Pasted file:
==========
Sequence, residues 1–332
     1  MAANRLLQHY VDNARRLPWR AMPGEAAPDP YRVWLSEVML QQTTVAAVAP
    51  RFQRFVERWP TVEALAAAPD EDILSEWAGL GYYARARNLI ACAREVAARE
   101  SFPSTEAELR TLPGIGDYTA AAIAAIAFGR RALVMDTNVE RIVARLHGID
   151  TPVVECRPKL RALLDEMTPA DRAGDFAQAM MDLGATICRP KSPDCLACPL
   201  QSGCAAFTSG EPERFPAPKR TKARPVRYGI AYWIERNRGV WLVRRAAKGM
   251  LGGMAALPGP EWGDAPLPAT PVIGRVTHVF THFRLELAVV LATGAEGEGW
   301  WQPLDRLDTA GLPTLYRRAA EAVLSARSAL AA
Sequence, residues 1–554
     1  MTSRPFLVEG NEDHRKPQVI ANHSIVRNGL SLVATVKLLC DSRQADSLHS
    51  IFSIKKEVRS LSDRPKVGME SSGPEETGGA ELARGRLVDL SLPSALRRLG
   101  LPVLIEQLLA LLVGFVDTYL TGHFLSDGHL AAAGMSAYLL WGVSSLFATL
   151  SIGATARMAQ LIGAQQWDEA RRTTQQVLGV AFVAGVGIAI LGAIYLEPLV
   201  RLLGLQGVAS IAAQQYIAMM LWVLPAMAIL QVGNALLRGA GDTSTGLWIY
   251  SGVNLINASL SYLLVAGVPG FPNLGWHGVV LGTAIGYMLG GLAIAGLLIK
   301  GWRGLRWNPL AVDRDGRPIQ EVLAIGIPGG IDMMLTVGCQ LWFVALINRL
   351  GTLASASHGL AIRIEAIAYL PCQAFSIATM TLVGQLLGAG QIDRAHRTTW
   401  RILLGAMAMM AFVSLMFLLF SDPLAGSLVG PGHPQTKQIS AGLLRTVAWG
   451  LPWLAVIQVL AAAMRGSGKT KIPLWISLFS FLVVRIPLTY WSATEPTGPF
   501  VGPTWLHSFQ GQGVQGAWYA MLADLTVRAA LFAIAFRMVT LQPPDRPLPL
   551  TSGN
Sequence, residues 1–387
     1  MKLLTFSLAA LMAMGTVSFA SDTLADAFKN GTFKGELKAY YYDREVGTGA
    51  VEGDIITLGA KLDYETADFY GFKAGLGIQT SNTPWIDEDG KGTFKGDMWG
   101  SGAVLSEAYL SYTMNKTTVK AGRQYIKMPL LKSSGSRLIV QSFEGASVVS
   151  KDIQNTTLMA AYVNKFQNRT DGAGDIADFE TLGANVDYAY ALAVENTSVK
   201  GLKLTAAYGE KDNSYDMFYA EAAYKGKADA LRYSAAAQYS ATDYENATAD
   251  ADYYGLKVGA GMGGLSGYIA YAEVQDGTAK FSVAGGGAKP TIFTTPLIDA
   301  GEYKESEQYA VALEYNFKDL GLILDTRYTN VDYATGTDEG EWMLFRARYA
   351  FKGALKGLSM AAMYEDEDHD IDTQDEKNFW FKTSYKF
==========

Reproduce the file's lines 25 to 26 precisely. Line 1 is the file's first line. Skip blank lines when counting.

   101  SGAVLSEAYL SYTMNKTTVK AGRQYIKMPL LKSSGSRLIV QSFEGASVVS
   151  KDIQNTTLMA AYVNKFQNRT DGAGDIADFE TLGANVDYAY ALAVENTSVK